Synaptic cleft Receptor Depolarization Neurotransmitters Dendrite Synapsestrengthening proteins After a synapse ﬁres brieﬂy at high frequency, it becomes more sensitive, experiencing a greater voltage swing in response to subsequent signals. This temporary strengthening of the synapse is the basis of short-term memory. Although the process is poorly understood, investigators know that permanent strengthening to form long-term memories requires the postsynaptic cell to manufacture synapse-strengthening proteins (left). These proteins might add more receptors and otherwise remodel the postsynaptic part of the synapse as well as possibly inﬂuence the presynaptic cell’s responses. opment. So while memory researchers were wondering how mental experience could affect genes, which could in turn affect certain synaptic connections, we were wondering how genes could specify all the millions of connections in the developing brain in the ﬁ rst place. We and other developmental neuroscientists already suspected that mental experience might have some role in honing the brain’s wiring plan. The fetal brain could start out with a rough neural circuitry that was speciﬁed by genetic instructions. Then, as the young brain developed and tested those connections, it would preserve the most effective ones and eliminate the poor ones. But how, we wondered, does the brain identify which connections are worth keeping? Postsynaptic cell A L F R E D T. K A M A J I A N Building a Brain
a s fa r b a c k a s 1949 , a psychologist named Donald Hebb proposed a simple rule that could govern how experience might bolster certain neural circuits. Inspired by the famous Pavlovian dog experiments, Hebb theorized that connections among neurons that ﬁ red at the same time should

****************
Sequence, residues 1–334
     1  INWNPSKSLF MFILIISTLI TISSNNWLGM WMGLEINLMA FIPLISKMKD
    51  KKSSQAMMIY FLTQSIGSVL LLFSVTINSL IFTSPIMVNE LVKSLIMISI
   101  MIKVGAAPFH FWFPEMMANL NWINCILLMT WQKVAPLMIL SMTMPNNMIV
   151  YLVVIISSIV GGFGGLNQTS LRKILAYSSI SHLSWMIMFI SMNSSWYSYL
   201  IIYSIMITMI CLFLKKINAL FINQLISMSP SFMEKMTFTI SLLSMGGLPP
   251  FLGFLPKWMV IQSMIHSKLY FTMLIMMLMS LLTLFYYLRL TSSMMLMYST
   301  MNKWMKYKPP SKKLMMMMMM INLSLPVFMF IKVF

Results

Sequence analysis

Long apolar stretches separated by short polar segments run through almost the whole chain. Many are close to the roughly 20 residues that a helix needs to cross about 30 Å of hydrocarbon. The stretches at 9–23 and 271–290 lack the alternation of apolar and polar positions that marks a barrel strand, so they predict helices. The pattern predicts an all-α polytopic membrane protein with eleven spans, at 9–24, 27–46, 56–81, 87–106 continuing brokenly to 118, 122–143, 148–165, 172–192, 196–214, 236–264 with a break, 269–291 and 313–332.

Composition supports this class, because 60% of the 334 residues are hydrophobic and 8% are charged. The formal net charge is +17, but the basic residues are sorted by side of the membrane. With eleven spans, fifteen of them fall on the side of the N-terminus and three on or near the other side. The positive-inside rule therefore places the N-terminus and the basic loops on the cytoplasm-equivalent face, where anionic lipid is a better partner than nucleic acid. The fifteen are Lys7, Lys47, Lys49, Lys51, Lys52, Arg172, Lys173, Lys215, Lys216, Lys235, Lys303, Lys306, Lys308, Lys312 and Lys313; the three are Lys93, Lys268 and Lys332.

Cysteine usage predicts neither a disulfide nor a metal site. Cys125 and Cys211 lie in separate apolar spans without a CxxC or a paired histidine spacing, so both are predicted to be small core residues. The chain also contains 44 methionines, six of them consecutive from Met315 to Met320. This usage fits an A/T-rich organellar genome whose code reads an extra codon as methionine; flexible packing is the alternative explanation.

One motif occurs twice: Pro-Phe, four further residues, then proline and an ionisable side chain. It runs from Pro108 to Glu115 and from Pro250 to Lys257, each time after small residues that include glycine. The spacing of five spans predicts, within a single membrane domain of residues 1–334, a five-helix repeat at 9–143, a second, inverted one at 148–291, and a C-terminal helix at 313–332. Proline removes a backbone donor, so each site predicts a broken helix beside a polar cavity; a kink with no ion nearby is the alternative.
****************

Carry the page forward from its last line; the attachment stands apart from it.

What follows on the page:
w w w. s c ia m . c o m become strengthened. For example, a neuron that ﬁred when a bell sounded and a nearby neuron that ﬁ red when food was presented simultaneously should become more strongly connected to each other, forming a cellular circuit that learns that the two events are connected. Not every input to a nerve cell is strong enough to make that cell ﬁ re a signal of its own. A neuron is like a microprocessor chip in that it receives thousands of signals through its dendrites and constantly integrates all the input it receives from these connections. But unlike a microprocessor that has many output wires, a neuron has only one, its axon. Thus, a neuron can respond to inputs in only one way: it can either decide to send a signal on to the next neuron in the circuit by ﬁ ring an impulse through its axon, or not. When a neuron receives such a signal, the voltage of the membrane on its dendrite changes slightly in the positive direction. This local change in voltage is described as a “ﬁ ring” of the neuron’s synapse. When a synapse ﬁ res in brief, high-frequency bursts, the temporary strengthening observed in short-term memory formation occurs. But a single
SCIENTIFIC A MERIC A N C OPYRIGHT 2005 SCIENTIFIC AMERICAN, INC. 77 HOW HOW GENES MAKE MEMORIES STICK
That gene activation leading to protein manufacture is necessary for long-term memory formation was discovered in the 1960s. But this realization raised further questions: How does a gene in the nucleus “know” when to generate the proteins that permanently strengthen a synapse, thereby turning a short-term memory into a long-term one, and when to remain silent, allowing the short-term memory to simply fade away? Is there an undiscovered synapse-to-nucleus signaling molecule that tells the cell when to make synapsestrengthening proteins? And once these proteins are manufactured in the cell body, how do they “know” which synapse among thousands to strengthen? By the mid-1990s, elegant experiments had provided some answers to the puzzle. Axon Dendrite Strong or repeated stimulation temporarily strengthens a synapse and somehow signals the nucleus to make the memory permanent Only a synapse already temporarily strengthened by the original stimulus is affected by the proteins